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Arkansas Appealing District Court's Ruling in Abortion Law Case

By Gabriella Khorasanee, JD on April 17, 2014 3:55 PM

Constitutional precedent is clear. The Roe v. Wade Court held that the Fourteenth Amendment's Due Process Clause provides a qualified right to women to terminate a pregnancy. In Planned Parenthood v. Casey, the Court reiterated that before viability (generally understood to be 24 weeks), a State's "interests are not strong enough to support an abortion prohibition or the imposition of substantial obstacles to the woman's effective right to elect the procedure."

Nonetheless, many states continue to pass legislation that appears to be facially unconstitutional. Arkansas is one of them.

The Arkansas Human Heartbeat Protection Act

In 2013, the Arkansas General Assembly passed the Arkansas Human Heartbeat Protection Act which has three requirements: (1) a heartbeat testing requirement that provides that physicians licensed in Arkansas must perform an abdominal ultrasound to detect a fetus' heartbeat; (2) a disclosure requirement that provides that physicians must disclose to their patients that the fetus has a heartbeat, among other things, and (3) a ban on abortions performed at 12-weeks or more, where a fetal heartbeat is detected (with few exceptions). Although Democratic Governor Mike Beebe vetoed the law, the Arkansas Legislature overrode the veto, reports The Associated Press.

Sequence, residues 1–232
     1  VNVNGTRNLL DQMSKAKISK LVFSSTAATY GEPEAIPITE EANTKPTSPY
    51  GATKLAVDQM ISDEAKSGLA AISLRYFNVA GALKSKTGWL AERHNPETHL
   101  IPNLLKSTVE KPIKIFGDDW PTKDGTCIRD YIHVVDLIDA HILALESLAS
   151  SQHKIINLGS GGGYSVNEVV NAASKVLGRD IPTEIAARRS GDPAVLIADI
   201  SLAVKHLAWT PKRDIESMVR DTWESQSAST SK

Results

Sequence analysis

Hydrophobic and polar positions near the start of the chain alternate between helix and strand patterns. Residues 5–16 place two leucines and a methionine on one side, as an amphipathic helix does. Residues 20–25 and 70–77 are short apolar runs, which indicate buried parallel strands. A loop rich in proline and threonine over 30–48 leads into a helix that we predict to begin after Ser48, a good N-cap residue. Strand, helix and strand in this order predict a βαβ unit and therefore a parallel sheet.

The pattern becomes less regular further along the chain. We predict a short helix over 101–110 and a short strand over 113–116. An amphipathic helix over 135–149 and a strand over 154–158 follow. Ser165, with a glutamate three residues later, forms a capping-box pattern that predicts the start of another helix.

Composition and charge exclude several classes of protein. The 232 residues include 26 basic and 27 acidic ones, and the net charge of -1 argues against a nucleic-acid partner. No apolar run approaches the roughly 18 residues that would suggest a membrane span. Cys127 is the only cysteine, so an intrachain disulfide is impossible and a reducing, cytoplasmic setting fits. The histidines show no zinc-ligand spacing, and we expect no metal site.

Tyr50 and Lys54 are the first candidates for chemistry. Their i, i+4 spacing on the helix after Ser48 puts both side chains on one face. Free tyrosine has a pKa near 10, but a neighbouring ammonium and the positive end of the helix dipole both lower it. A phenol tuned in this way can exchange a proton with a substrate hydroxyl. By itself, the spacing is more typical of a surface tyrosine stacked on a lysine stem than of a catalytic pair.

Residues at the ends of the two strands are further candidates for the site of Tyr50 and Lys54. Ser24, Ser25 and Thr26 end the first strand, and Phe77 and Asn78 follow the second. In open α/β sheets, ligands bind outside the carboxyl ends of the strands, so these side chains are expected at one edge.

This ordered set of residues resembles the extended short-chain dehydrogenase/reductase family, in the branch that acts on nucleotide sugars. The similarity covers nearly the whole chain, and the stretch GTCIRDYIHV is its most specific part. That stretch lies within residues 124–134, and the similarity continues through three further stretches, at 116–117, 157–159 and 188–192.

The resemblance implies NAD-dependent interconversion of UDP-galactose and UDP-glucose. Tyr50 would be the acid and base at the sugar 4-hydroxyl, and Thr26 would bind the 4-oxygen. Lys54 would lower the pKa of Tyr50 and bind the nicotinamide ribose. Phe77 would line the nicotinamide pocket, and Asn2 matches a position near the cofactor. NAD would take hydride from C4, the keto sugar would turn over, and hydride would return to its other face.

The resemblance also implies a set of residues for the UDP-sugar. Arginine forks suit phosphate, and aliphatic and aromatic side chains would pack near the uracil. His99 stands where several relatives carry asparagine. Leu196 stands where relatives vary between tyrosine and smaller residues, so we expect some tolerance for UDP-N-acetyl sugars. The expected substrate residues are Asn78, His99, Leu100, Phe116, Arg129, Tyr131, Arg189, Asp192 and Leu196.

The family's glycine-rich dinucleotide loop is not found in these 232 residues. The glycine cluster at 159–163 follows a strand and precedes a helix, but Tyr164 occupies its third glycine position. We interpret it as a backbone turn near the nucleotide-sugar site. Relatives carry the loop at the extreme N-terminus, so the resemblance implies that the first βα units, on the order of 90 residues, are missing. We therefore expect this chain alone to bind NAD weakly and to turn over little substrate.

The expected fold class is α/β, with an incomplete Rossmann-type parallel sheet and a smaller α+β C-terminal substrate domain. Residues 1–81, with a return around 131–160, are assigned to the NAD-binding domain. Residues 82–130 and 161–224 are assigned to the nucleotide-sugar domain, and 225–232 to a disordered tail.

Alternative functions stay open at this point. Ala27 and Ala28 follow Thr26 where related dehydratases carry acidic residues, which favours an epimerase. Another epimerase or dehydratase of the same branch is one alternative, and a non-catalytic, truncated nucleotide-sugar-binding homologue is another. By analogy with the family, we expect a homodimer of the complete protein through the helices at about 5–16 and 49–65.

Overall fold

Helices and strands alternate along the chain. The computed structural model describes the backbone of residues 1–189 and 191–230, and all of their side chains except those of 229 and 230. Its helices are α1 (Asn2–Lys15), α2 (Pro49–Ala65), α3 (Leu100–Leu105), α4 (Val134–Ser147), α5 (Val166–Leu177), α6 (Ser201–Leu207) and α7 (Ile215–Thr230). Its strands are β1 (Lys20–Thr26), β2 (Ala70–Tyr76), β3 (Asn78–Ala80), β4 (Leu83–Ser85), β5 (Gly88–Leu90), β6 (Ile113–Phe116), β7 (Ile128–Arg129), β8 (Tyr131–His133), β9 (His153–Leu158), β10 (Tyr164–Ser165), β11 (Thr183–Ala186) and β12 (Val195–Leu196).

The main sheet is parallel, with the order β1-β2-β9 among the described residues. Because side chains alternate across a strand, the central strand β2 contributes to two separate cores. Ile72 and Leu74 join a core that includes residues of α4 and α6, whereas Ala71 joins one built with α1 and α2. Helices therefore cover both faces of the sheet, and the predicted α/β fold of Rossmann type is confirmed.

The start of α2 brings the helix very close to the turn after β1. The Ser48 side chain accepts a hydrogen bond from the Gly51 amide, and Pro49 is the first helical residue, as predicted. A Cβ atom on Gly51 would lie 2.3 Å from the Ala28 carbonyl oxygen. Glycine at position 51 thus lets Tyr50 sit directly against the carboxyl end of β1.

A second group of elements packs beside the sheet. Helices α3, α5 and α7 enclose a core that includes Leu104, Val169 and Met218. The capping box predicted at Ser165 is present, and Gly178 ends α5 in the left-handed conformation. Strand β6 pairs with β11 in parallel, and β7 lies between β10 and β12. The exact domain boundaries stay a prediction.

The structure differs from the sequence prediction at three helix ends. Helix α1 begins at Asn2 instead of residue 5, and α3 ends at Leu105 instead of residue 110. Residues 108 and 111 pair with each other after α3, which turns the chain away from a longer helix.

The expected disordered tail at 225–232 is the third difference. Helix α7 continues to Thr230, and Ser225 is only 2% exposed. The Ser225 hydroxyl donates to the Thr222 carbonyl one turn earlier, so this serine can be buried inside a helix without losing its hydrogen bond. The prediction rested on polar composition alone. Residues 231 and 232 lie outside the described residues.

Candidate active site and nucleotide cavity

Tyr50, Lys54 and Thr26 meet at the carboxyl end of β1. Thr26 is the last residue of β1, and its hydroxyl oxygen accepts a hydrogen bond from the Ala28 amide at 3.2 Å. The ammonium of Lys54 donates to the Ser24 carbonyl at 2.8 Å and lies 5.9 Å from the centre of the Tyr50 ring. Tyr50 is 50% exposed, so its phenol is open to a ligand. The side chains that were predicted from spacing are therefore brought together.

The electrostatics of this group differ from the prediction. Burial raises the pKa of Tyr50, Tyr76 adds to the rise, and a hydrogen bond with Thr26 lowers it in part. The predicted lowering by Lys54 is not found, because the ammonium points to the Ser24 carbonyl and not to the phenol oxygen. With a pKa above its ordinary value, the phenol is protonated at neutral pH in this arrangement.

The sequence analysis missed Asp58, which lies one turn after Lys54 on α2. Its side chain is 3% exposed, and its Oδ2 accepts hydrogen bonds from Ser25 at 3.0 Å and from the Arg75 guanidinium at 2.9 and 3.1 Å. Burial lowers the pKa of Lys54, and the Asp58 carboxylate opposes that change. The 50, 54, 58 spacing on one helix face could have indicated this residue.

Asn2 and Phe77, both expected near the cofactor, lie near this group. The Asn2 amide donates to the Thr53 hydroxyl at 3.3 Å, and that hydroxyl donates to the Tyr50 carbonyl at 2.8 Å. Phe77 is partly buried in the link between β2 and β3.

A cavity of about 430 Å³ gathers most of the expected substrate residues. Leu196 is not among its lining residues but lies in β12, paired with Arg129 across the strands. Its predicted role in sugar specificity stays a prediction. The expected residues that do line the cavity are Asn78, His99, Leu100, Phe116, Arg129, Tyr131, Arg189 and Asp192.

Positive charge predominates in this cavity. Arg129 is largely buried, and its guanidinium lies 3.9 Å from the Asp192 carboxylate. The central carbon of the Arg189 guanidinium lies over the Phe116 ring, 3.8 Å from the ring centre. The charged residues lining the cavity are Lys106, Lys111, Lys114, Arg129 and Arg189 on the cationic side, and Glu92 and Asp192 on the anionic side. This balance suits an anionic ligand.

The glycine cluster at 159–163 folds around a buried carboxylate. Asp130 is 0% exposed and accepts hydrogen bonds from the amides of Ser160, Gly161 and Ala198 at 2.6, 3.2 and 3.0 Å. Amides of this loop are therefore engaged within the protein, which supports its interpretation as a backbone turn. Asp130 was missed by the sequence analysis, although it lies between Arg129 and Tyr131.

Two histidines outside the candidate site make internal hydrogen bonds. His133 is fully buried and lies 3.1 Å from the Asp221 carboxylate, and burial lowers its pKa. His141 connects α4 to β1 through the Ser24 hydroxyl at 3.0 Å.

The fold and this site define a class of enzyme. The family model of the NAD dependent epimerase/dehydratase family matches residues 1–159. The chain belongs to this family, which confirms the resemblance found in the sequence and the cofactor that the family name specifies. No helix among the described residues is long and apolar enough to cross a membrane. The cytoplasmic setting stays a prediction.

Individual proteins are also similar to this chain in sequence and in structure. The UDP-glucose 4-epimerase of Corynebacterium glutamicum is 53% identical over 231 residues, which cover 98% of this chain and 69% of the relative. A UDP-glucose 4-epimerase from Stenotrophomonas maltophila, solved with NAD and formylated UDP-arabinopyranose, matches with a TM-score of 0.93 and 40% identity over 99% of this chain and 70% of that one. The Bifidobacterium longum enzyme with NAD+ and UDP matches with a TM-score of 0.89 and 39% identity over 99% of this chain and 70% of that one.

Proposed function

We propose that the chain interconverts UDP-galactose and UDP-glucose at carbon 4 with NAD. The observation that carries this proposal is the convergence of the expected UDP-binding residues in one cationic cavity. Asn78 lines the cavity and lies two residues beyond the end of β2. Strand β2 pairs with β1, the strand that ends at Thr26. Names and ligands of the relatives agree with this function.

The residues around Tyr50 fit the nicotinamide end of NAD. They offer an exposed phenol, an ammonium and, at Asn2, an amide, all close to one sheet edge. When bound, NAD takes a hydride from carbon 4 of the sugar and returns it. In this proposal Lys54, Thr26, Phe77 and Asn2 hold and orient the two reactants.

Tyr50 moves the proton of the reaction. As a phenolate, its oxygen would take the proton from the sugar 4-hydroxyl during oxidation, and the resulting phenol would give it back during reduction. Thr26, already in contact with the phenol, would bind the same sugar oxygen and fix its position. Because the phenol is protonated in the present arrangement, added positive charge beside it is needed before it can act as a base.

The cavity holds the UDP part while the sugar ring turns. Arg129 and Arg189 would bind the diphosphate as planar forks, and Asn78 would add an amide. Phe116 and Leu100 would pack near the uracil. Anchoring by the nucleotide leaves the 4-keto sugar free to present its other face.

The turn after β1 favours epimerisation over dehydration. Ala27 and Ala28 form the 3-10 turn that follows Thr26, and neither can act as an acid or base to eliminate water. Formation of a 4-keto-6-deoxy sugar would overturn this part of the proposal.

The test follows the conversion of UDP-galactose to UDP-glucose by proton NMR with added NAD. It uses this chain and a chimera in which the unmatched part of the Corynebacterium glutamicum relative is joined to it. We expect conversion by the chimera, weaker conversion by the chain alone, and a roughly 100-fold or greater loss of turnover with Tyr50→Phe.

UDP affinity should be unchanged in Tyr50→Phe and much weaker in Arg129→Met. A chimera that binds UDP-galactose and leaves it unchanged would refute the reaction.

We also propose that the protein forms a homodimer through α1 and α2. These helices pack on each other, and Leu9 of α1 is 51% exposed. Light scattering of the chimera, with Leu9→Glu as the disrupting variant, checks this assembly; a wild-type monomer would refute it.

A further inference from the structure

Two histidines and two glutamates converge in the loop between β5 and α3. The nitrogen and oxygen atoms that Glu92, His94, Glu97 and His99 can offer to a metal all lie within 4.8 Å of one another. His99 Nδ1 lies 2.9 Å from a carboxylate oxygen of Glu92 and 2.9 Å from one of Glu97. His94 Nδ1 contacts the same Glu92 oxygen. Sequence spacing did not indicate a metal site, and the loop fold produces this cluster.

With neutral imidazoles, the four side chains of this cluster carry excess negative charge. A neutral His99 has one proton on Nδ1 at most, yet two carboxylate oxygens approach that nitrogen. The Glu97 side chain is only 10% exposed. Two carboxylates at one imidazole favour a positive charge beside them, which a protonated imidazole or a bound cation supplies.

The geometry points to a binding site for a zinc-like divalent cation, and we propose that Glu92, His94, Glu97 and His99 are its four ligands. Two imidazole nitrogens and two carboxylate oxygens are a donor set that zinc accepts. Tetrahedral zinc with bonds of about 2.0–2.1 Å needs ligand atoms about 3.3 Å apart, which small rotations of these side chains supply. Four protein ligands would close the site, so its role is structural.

The District Court Decision

Faced with dueling motions for summary judgment, Judge Webber Wright found partially for both parties. She found that "as a matter of law that the twelve-week abortion ban included in Act 301 prohibits pre-viability abortions and thus impermissibly infringes a woman's Fourteenth Amendment right to elect to terminate a pregnancy before viability." Because plaintiffs, doctors who perform abortions between 12 and 24 weeks, could potentially lose their licenses, she found they would suffer "irreparable harm unless the State is permanently enjoined from enforcing the twelve-week abortion ban."

Furthermore, she found the Act severable, and held that portions of the statute that deal with heartbeat testing and disclosure "are independently capable of furthering the stated purpose" of the Act.

The Appeal

Last week, defendants filed a notice of appeal to express their intention of appealing to the Eighth Circuit. In a statement, Arkansas Attorney General announced the intention to appeal, stating that he had assurances that budgeting concerns would not be affected by pursuing the litigation.

We'll keep you posted as this case, and others like this one, progress.

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